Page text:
Though this reporter’s focus has been on the Sam Mousa budget review marathon, Lenny Curry‘s transition committee meetings continue apace at Jacksonville University. Today, we are sitting in on a couple of these; the first, as the title suggests, is Operations, Human Resources, and Productivity.
The big news out of this: a Neighborhoods Department, cut in recent years, looks to be in the offing for the new administration, as strongly advocated by former Neighborhoods chair and subcommittee chair Kerri Stewart. The open questions are what could go in it.
The session started off with a review of documents encompassing re-organizations, going back to 1997. Kelli O’Leary of the Employee Services division of city government provided Org Charts and other information, including head count snapshots going back to 2008.
Stewart: “We have a lot of information.”
The last org shift, developed by the City Council relative to the Office of Economic Development, went back to 2013.
There also was a discussion of the dismantling of the Neighborhoods department, which apparently had something to do with Council not being happy with the chair of that department, so, in Stewart’s words, they made him the chair of nothing.
The Neighborhoods discussion continued; Stewart pointed out that there is a strong possibility, given her review of the Blight committee’s work, that a Neighborhoods department very likely will be re-created in the coming administration.
Discussion, from the Clara White Mission CEO Ju’Coby Pittman and Neptune Beach mayor Harriet Pruette, reflected a need to include the beaches communities and Baldwin in the mix.
From there, community block grants were discussed. Charles Moreland talked about the value of some grants being combined; however, not all grants can be combined and managed on a larger level. Pittman responded that a grant department might be able to leverage further grant procurement.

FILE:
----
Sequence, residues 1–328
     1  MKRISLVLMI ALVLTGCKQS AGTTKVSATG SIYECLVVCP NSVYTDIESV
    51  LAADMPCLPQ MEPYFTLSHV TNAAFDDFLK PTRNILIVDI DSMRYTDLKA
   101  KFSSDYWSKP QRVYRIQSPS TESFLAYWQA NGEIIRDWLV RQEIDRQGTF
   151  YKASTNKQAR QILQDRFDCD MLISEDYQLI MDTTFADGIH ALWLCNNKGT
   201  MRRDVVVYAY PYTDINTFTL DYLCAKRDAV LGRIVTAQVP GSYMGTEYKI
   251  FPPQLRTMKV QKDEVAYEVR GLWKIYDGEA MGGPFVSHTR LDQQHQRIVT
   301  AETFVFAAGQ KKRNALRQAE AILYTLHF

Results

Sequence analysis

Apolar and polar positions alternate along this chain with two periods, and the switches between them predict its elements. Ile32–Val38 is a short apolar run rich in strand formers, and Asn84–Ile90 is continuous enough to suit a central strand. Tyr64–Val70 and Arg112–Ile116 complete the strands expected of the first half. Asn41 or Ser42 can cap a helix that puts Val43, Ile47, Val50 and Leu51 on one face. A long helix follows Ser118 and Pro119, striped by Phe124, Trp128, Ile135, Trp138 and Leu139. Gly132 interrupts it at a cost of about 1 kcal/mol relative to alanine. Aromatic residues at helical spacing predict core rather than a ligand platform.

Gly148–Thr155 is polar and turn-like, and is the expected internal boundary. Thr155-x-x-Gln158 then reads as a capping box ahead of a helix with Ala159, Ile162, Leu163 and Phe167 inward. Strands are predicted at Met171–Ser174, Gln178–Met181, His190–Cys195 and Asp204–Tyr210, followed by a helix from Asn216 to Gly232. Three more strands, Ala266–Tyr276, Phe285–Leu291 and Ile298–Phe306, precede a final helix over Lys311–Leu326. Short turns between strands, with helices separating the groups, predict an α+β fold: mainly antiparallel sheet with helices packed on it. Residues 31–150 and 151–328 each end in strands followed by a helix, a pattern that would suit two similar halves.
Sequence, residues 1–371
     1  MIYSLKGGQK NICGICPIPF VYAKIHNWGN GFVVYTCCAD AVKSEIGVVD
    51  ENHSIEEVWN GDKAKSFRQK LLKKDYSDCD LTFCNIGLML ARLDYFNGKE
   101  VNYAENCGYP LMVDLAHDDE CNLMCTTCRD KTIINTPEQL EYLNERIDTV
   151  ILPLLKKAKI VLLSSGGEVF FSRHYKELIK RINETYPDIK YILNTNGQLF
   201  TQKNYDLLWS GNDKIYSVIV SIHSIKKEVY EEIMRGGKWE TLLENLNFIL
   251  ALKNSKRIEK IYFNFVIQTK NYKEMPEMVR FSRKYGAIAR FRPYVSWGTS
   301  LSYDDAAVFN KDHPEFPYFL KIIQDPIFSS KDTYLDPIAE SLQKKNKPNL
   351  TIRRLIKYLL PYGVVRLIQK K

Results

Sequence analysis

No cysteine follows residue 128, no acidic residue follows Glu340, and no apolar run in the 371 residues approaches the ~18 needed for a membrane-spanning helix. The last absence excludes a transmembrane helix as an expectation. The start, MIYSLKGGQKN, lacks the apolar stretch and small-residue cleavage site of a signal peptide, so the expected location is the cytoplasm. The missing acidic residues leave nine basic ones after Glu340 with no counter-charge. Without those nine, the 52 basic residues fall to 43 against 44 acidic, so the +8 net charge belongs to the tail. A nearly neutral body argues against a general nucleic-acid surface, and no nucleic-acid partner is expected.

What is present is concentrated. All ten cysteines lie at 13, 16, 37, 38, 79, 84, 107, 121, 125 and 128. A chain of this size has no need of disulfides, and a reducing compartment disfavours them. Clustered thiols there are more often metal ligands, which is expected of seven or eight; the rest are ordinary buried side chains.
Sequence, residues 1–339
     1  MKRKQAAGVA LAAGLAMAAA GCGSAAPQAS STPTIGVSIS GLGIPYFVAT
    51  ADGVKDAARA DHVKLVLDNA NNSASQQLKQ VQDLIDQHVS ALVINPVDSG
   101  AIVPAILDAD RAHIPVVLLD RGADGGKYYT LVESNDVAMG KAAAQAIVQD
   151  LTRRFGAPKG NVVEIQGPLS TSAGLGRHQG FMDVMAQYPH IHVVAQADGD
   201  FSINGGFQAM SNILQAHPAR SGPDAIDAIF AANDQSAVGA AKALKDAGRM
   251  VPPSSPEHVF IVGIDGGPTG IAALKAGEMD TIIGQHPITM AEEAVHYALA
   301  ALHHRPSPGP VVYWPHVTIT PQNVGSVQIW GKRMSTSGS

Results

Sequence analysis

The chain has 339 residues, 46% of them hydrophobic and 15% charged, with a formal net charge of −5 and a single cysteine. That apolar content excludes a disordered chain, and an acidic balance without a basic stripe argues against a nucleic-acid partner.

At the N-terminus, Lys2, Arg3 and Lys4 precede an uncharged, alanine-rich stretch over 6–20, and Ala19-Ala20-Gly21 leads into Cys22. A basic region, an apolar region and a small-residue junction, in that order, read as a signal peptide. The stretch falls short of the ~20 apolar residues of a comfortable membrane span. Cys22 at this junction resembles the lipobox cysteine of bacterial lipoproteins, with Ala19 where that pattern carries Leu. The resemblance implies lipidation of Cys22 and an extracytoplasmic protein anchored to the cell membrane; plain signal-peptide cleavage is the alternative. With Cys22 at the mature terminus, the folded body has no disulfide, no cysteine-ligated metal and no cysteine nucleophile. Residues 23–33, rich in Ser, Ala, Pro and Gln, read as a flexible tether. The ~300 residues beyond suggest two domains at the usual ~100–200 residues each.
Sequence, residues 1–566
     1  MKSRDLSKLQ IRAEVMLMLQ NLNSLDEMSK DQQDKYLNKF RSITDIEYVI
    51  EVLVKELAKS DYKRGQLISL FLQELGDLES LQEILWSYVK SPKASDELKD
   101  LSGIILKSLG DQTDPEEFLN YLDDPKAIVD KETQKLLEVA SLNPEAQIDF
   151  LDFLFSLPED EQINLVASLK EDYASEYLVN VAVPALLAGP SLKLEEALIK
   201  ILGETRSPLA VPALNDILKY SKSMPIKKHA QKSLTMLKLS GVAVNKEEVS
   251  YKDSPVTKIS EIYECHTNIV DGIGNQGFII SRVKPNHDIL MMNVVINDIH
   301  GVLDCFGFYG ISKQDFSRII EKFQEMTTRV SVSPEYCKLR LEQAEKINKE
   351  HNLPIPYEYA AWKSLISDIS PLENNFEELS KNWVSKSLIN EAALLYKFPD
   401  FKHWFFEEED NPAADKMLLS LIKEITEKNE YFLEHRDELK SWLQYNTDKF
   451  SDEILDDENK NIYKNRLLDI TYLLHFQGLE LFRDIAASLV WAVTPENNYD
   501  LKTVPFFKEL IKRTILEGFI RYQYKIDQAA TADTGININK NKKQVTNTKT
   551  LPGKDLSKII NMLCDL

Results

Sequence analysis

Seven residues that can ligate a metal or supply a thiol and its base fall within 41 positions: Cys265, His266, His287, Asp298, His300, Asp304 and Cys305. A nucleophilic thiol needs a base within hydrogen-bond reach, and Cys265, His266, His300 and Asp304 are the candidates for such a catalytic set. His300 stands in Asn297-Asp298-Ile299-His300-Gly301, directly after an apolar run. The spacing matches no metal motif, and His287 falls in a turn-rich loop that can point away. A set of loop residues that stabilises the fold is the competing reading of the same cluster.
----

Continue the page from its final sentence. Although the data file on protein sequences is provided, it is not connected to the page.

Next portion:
Stewart kept trying to move the discussion back to Neighborhoods, but the group seemed much more interested in grants.
Eventually, it got there. Housing and Community Development struck Stewart as a strong inclusion in Neighborhoods. Animal Control and Mosquito Control were also discussed.
Issues like mowing, landscape maintenance, and other “traditional public works activities,” said Stewart, “affects neighborhoods greatly.” She mentioned that Blight created a Mowing and Landscape Maintenance Committee to address these matters.
From there, the discussion moved to the 630-City helpline, and whether it could be in Neighborhoods. Pittman, who just ran a campaign for City Council, observed that many folks have complained that they called for recourse but that there was no response or remediation.
“How do we make sure that the problem is taken care of so the person doesn’t have to call back three or four times?”
It was observed that the message was just passed on to the appropriate department, and it was the departmental responsibility to take care of the problem.
Another discussion revolved around how these moves would affect Intragovernmental Services.
The salient point, adds Pittman, is ensuring that people get responses for their concerns. “Because government is a big bureaucracy, at the end of the day people want to know if their problem will be fixed or not, or what is the time table.”
“Since the Neighborhoods Department was dissolved,” Stewart said, there hasn’t been a central clearinghouse for “cross-lateral communication,” and this is something a Director could resolve.
The meeting closed with a resolution to create a Neighborhoods Department, to include the Beaches and Baldwin, and to revise grant practices. No opposition, and the motion passes.
Future meetings will revolve around IT, the Fire Department, and, perhaps, 630-City.